The main problem with it is that it’s not available for any other platform, so while iPhone, iPad and Mac owners can message each other, those on Android and Windows (yes, and Linux) are locked out. And that means most iPhone owners have to install WhatsApp or another messaging app anyway.
But other than the issue of being restricted to the Appleverse, iMessage is an excellent way to securely chat with friends and groups of people. Thanks to Apple’s Memoji you can record messages using your device’s microphone and the character – which you create to look like you – animates automatically. Plus, you can send Memoji of common emoji.
In iOS 14, Apple added the ability to pin up to nine conversations at the top of the app as well as notifications for when your name is mentioned in group chats.
Platforms: iOS, Android, Web, macOS, Windows, and Linux
Telegram is a slightly different messaging service to WhatsApp and Signal. Your conversations are synced across all of your devices via the cloud and you can store various items on the cloud servers too. Telegram also lets you share big files with friends, up to 2GB each, for free, and it recently added group video calls and animated backgrounds.
The security conscious among you will know that for cloud syncing to work, you can’t have end-to-end encryption, so Telegram isn’t (by default) as secure as WhatsApp, Signal and others. This is the classic battle of security and convenience.
Thankfully, there is an additional feature called Secret Chats that employs device-to-device, or end-to-end, encryption so that Telegram never has access to the contents of your conversation. These messages can be set to self-delete after a specified time, and Secret Chats leave no trace of themselves on the Telegram servers once they expire.
You can make payments to friends from within Telegram, via third-party payments services, but at the time of writing these didn’t include PayPal, Google Pay, Apple Pay or Samsung Pay, so it’s not ideal for most of us in the West.
Apps are available for
Windows, macOS, and
Platforms: iOS, Android, Windows, macOS, Linux and Web
One of the newest secure messaging services is Element, which has a different approach to many of its rivals. The main thrust is that you retain ownership of your data, being able to even choose which server hosts everything.
On the standard free version, it acts like other messaging apps with chats, video calls and groups all benefiting from end-to-end encryption plus cross-signed device verification. Things get a little more interesting (and complex) when you move to one of the several paid tiers.
Element works on Matrix, which is a decentralised network protocol that allows anyone to host their own servers while still being able to communicate with each other. This gives the service a lot of freedom to keep your data out of the clutches of Facebook and the like, making it a great choice for those who want to retain their digital independence.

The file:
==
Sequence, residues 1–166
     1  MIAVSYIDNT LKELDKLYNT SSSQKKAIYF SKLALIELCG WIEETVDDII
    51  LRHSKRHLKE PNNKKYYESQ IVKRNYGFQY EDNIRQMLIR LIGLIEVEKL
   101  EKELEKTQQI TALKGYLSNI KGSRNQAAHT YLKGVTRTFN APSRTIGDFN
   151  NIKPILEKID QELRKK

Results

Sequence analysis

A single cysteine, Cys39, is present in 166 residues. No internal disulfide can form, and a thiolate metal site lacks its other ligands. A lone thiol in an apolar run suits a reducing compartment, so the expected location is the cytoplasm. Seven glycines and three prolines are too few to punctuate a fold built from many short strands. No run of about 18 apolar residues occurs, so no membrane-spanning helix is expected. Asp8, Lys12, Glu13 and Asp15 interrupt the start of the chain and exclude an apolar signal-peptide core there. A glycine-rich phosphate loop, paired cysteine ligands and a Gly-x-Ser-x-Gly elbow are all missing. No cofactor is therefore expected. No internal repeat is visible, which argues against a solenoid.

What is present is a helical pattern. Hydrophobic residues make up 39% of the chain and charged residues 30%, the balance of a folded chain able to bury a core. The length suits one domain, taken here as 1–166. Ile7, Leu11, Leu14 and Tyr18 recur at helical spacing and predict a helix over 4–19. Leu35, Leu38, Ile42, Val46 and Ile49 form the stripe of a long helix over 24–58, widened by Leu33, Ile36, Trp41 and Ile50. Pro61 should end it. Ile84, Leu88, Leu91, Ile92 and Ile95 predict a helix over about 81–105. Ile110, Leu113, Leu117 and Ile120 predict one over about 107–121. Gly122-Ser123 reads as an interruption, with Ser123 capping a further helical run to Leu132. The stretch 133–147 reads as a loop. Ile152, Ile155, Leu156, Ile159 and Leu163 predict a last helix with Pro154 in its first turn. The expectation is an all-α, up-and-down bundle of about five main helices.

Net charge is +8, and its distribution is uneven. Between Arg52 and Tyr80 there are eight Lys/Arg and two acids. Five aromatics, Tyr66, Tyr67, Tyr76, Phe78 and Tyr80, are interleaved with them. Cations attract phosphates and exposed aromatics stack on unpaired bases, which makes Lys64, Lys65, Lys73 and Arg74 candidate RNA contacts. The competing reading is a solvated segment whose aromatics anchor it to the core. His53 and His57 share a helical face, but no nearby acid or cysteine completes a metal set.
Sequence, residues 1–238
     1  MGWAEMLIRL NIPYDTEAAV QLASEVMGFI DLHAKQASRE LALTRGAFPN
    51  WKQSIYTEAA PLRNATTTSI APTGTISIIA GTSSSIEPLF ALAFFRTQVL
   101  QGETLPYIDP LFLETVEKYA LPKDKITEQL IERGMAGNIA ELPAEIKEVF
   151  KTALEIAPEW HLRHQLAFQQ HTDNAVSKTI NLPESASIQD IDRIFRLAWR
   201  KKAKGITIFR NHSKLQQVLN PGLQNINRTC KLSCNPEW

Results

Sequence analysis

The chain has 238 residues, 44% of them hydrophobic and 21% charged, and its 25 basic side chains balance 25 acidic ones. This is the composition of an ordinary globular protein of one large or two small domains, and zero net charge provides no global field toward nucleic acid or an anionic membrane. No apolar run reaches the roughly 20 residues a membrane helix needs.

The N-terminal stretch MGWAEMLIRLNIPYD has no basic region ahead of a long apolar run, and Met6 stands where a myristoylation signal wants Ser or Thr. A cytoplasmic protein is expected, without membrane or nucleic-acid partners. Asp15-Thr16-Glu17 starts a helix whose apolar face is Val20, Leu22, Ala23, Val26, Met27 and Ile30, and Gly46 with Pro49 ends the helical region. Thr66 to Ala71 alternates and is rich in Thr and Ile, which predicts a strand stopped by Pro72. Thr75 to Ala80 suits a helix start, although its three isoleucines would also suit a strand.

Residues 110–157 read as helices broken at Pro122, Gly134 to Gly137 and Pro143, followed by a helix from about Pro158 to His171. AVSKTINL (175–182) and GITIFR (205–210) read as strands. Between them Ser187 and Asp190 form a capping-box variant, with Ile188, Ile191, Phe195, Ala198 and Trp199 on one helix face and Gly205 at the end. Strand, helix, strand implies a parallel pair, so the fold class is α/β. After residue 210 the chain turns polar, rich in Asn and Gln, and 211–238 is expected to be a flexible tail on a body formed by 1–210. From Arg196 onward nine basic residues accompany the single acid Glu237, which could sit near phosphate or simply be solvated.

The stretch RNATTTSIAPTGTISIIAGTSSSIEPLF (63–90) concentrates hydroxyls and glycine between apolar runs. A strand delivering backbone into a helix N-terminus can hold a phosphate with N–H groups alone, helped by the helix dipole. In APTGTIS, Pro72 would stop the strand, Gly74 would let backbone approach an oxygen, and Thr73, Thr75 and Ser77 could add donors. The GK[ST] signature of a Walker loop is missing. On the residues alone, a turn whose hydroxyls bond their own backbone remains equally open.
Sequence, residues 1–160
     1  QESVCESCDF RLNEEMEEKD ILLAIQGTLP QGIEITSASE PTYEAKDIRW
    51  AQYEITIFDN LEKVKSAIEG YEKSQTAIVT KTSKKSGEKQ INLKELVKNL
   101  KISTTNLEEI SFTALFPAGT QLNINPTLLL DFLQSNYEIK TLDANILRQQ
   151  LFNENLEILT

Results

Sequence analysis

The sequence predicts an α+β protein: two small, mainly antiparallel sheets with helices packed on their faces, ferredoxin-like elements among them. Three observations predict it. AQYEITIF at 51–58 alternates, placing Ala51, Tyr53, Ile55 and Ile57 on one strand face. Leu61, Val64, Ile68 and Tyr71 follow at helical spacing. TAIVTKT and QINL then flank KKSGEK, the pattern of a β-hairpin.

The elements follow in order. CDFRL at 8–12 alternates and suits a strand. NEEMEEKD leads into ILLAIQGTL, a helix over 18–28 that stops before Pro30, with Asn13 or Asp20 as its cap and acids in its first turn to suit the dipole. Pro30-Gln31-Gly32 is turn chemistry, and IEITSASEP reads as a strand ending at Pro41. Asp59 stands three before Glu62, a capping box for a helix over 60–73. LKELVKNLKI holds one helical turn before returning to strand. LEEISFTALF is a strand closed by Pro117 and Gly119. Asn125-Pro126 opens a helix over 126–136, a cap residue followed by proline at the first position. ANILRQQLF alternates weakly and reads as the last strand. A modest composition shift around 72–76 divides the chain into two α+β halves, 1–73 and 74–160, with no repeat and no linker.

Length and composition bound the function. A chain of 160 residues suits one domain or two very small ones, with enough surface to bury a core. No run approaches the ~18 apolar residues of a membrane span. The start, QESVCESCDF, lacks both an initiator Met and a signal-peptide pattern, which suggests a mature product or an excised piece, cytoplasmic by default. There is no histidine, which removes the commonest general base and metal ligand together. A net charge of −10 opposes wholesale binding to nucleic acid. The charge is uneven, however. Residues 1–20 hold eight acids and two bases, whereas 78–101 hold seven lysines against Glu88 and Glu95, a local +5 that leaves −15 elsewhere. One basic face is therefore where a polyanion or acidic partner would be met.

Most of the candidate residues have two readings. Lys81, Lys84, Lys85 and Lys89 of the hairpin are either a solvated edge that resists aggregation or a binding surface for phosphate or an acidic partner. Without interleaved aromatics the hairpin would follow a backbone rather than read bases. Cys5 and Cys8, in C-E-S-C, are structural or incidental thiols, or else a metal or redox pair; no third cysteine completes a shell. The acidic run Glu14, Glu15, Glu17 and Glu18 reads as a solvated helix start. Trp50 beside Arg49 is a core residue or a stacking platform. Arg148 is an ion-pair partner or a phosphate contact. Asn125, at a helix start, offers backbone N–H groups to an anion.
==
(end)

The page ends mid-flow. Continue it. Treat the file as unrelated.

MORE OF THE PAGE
Element Home is a service aimed at families, friends or small teams, with the $10/£7.25 per month subscription allowing up to five users who will benefit from a dedicated server which Element will manage, faster performance over the free tier, and the choice to create bespoke domain and Matrix user IDs.
It’s like having your own private version of WhatsApp.
Should you require more capacity then there are tiers that cater for up to 25, 100 or 1000+, which also feature more tools, such as custom DNS, your own branding, choice of server location, and there’s even the ability to plug-into existing communication and collaboration apps like Slack, Microsoft Teams, Discord, Telegram and others.
Element is probably the most customisable messaging app available, and while the majority of its most impressive features will be beyond the average user that wants to chat with their friends, for small teams and tech ethusiasts it could prove an excellent solution.
Download Element for iOS, Android, Windows, macOS, Linux and Web.
Platforms: iOS and Android
Finally, there’s Dust, which has a rather useful feature in that it allows you not only to delete one of your messages off of your phone, but also on the recipient device, even if it’s been read. That’s very handy if you accidentally send the wrong person a sensitive piece of information or decide after a while that you don’t want them to have a message any longer.
Employing end-to-end encryption, Dust is safe way to exchange text messages with friends and family, knowing that not even the company itself can read them.
Messages can be set to erase themselves once read, or after a pre-determined time period. There’s also another interesting idea in that names aren’t displayed in one-to-one chats, so anyone hoping to take a screenshot with incriminating evidence won’t be able to prove the sender was you. Dust also notifies you if it detects the recipient taking a screenshot.
There’s no voice or video chat at the moment, but for the written word Dust is a fine choice.
The app is free and available now for
Of course, another way to protect yourself from spying eyes is to use a